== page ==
Stepping over the water line

Peter Grant takes umbrage at the current state of the federal flood-insurance program:

Let’s assume that Hurricane Irma will cost about the same as Hurricane Harvey in terms of insurance payouts. That’s $22 billion in total. Let’s assume, too, that the historical average holds, and that about 30% of those claims will be repeat claims from properties that had previously been damaged by flooding. That’s $6.6 billion. That money might as well be poured down the drain … because it’s merely repeating previous repairs. What’s more, if those properties are permitted to reinsure at subsidized rates, we — the taxpayers of America — will be on the hook yet again for future repairs, which are certain to arise when the next hurricane hits those properties.

Proposed solution:

The taxpayer-subsidized federal flood insurance program should be modified AT ONCE. Those who are presently insured under it should be able to keep their insurance … but for one future claim only. As soon as they make a flood-related claim, the payout should be in the form of a forced purchase of their property, and a razing of any and all buildings on it. The property owner(s) can use the payout to settle any outstanding debts on the properties, and apply the balance to buying or building another home in a less flood-prone area. We, the taxpayers of this country, should no longer be liable for any repeat claims on their former property — otherwise we’re subsidizing failure. We’re subsidizing the repair, cleanup and construction industries, as well as the property owners.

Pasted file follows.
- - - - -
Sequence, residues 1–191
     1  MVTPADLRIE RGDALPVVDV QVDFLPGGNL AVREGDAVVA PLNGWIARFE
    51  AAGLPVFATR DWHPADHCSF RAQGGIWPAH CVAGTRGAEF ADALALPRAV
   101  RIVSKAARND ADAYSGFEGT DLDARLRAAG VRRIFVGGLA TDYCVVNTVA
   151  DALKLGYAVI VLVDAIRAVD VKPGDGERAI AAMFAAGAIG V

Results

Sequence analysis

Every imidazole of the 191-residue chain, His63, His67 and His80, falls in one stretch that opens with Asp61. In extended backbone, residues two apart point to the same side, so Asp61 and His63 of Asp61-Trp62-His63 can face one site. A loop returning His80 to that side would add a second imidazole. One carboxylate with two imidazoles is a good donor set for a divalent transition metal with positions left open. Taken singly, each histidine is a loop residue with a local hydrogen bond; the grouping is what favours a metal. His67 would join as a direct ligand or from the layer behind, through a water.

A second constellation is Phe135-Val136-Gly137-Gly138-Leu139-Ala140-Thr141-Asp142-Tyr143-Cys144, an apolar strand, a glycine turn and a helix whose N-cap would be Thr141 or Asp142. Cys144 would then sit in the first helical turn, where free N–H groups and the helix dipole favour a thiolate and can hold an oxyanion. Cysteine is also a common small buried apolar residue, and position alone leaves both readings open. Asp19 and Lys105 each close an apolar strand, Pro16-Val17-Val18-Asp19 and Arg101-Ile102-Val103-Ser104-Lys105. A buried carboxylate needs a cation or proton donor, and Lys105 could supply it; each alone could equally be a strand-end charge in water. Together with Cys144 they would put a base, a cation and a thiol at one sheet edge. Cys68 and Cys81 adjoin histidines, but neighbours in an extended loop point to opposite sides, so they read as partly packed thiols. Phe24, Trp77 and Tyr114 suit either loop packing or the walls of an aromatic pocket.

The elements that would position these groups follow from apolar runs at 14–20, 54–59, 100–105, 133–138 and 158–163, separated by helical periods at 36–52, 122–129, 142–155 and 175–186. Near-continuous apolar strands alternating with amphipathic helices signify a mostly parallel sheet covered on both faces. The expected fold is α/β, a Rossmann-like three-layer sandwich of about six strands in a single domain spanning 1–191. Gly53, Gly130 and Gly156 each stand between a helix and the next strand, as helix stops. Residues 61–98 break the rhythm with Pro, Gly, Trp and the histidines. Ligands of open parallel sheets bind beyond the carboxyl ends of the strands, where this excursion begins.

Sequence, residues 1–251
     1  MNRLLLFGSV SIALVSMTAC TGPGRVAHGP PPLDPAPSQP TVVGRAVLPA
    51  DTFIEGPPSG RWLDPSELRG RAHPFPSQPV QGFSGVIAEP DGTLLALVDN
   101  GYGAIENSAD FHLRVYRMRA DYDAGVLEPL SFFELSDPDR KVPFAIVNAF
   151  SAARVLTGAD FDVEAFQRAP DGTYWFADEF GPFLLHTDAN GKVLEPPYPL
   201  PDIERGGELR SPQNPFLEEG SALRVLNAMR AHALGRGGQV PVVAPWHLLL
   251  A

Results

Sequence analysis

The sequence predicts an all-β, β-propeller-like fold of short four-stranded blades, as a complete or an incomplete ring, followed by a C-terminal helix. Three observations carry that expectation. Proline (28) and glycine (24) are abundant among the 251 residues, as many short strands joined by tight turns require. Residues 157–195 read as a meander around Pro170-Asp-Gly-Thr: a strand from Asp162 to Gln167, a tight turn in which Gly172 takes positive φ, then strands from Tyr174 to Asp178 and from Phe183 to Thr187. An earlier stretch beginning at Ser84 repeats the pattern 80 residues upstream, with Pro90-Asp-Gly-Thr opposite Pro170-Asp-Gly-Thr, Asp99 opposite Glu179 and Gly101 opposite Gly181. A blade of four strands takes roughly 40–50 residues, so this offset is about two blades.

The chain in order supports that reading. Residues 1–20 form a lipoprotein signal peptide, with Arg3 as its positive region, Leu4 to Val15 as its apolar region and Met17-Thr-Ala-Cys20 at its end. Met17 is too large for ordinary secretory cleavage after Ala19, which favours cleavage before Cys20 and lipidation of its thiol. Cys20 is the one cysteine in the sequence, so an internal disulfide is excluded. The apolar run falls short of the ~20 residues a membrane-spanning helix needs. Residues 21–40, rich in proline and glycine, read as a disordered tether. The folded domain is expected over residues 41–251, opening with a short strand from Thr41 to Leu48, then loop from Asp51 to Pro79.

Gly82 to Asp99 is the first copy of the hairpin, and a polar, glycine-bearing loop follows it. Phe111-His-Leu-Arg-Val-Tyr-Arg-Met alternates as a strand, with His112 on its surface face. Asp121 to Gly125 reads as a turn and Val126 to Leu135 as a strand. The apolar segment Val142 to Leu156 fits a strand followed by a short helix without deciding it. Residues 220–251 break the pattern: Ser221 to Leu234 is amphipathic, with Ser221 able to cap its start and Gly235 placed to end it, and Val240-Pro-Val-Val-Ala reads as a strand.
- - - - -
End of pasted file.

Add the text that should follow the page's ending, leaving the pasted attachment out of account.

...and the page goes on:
I also propose that any new or replacement construction in flood-prone areas, and any repairs to properties formerly covered by the federal flood insurance program, should be automatically denied access to that program. Those who build or rebuild in such areas should be forced to pay for insurance at commercial rates, which should not be subsidized by the rest of us. Why should we pay for damages that we know are almost certain to be incurred in future? Is that a proper use of our taxes? I maintain it’s not.

This is actually a bit milder than my own thinking, which runs along the same lines but does not allow for even a single additional claim. I would also be amenable to allowing private flood insurance, if you can find someone to write it. The premiums would presumably be higher, but hey, that’s what’s supposed to happen with increased risk.


  1. McG »

    19 September 2017 · 8:41 pm

    Either one sounds, to coin a phrase, fair.

  2. Holly H »

    20 September 2017 · 10:43 am

    Sounds good. The current system is unsustainable.

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